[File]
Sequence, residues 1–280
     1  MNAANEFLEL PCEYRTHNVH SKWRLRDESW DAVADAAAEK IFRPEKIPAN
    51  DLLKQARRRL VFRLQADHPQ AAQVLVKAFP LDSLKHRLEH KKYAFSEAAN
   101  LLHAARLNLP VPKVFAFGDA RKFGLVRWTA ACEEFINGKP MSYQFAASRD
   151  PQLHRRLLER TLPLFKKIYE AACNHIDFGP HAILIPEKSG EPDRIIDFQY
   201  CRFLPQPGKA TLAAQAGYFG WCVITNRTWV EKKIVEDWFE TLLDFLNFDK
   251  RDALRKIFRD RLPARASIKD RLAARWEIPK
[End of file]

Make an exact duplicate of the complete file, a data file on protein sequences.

Sequence, residues 1–280
     1  MNAANEFLEL PCEYRTHNVH SKWRLRDESW DAVADAAAEK IFRPEKIPAN
    51  DLLKQARRRL VFRLQADHPQ AAQVLVKAFP LDSLKHRLEH KKYAFSEAAN
   101  LLHAARLNLP VPKVFAFGDA RKFGLVRWTA ACEEFINGKP MSYQFAASRD
   151  PQLHRRLLER TLPLFKKIYE AACNHIDFGP HAILIPEKSG EPDRIIDFQY
   201  CRFLPQPGKA TLAAQAGYFG WCVITNRTWV EKKIVEDWFE TLLDFLNFDK
   251  RDALRKIFRD RLPARASIKD RLAARWEIPK